ORECX CALL RECORDING BLOG

Audio Recording is all about Control - Are you in Control?

Posted by Kevin Levi on Mar 29, 2021 11:46:49 AM

The primary goal of voice recording in today's contact centers - for many - is to capture customer interactions and then feed them to a transcription and analysis engine to uncover key words and phrases that indicate underperforming agents, distressed customers, compliance infractions, etc.  In order to be able to perform these functions, contact centers must be able to freely and readily access their voice data without impedance from the voice recording vendor.taking-control

Many recording vendors restrict access to voice and associated meta data or charge for it. Others output the data in a proprietary format that makes it difficult to share it with 3rd party apps for transcription, analysis, biometrics, and so on. 

In short, you want to be in control of the recording application itself and have access to your recordings and what you can do with them once you gain access. And perhaps equally as important, you don't want to have to pay additional money to access your recordings. They're yours after all, and you should have unbridled access to them, whenever you want them. Better yet, you want them in real time so there is no delay in audio processing. Analyzing a call two days later and determining a customer may be in distress, is too late. You want that data immediately so you can thwart customer defections before they occur. The same goes for underperforming agents. You want to be able to pinpoint those shortcomings and provide adequate training right away.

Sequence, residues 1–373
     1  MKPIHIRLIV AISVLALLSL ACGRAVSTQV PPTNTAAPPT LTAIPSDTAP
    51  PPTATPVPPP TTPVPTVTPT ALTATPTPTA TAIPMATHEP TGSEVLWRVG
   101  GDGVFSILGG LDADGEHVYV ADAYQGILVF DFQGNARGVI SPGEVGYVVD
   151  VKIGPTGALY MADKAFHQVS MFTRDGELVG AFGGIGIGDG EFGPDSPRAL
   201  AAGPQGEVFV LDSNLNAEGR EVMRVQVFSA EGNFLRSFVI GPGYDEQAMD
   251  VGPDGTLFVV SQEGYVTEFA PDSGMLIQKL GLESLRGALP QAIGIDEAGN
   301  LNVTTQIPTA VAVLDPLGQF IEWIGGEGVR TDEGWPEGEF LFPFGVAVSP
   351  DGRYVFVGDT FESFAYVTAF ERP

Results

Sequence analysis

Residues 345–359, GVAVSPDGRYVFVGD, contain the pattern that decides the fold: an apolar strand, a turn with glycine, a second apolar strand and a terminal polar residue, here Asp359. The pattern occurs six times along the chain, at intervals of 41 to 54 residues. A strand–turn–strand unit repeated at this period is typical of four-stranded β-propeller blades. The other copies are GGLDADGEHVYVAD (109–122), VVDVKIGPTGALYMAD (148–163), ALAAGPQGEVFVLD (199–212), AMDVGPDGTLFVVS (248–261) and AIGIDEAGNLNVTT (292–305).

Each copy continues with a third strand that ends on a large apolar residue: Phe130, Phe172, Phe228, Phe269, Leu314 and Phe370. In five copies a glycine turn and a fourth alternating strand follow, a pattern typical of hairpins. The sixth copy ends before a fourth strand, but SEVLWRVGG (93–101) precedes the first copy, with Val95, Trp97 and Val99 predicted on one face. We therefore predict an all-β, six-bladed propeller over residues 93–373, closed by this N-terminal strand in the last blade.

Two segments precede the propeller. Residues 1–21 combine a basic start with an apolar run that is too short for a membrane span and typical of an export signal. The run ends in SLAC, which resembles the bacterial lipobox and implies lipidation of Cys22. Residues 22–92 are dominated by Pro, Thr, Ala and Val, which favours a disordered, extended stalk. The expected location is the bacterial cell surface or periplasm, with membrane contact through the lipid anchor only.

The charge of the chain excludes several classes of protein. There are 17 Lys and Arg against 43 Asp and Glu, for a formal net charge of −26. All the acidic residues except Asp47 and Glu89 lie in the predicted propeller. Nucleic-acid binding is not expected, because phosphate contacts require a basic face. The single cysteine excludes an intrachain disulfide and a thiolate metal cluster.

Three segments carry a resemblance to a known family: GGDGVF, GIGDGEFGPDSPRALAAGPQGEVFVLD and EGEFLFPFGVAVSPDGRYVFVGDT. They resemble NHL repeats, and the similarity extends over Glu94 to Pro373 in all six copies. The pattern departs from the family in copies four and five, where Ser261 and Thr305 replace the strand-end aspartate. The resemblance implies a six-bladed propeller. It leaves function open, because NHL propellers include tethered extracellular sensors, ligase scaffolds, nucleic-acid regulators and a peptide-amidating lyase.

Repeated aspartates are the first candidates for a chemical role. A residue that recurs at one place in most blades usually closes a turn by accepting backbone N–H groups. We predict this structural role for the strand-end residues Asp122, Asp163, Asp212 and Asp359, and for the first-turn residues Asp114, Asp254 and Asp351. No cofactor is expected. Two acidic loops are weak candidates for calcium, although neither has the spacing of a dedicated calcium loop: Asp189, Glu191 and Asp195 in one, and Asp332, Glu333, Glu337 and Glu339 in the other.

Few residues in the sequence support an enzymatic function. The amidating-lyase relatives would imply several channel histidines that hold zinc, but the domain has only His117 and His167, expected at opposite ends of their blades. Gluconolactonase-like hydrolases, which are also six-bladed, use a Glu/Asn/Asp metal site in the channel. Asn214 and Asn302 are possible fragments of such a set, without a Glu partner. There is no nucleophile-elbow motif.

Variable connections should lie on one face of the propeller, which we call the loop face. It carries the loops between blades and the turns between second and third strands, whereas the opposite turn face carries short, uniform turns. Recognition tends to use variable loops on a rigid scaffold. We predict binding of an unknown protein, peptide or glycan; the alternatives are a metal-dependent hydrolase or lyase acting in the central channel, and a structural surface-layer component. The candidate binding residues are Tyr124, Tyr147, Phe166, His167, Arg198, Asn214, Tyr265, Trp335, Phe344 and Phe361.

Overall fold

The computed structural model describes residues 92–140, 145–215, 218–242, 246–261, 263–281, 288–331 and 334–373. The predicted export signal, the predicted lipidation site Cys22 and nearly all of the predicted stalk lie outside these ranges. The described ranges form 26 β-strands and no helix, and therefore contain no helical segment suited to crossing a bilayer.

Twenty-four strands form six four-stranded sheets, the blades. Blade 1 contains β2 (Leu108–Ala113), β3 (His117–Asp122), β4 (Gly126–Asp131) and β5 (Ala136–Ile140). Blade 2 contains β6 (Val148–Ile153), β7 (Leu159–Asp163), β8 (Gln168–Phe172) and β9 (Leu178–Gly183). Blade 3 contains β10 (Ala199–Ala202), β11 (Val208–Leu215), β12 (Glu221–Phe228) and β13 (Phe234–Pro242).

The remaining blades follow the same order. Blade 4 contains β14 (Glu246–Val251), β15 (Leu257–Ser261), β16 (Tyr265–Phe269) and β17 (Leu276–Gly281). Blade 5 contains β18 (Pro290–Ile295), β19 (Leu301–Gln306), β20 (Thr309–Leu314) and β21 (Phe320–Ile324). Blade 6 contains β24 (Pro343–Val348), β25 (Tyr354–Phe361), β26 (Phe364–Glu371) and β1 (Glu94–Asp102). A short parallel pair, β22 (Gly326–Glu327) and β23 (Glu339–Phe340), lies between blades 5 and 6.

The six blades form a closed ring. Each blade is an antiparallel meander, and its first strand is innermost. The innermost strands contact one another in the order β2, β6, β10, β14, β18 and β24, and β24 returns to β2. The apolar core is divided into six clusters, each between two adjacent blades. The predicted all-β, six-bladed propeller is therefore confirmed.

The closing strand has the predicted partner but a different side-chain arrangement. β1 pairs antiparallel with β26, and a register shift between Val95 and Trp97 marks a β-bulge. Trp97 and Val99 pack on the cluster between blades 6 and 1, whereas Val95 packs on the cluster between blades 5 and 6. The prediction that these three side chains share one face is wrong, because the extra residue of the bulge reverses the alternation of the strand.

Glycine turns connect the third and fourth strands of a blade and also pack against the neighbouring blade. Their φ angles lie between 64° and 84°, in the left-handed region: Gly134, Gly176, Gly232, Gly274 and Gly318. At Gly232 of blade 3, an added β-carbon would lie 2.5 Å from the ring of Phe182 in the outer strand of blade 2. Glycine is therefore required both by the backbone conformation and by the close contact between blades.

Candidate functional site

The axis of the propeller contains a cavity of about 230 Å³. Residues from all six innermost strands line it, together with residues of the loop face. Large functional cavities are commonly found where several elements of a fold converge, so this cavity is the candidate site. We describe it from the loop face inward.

The most versatile audio capture solution providers today offer a REST API to provide complete control over all aspects of the application within the existing platform framework or with third party applications. Does your vendor offer this?

In order to determine how much control you have over your voice recording application and the level of access you have to your voice data, try asking yourself these questions:

  1. What is the process and timeframe for accessing your voice recordings and associated meta data?
  2. Does your vendor charge for access? If so, how much?
  3. Is your voice data shared with you in a proprietary or open format?
  4. How quickly and easily can your voice data be ported over to your speech analytics, voice biometrics and customer experience applications?
  5. Am I able to capture voice audio in both single and multi-tenant environments?
  6. Can I capture voice audio across my organization in cloud, premise and hybrid environments?

Don't stand by and let your audio recording vendor's inflexibility hamper your analytics efforts. Solutions do exist that provide the open capabilities you need to best compete today. 

Audio Capture vs. Call Recording Infographic 

 

 

 

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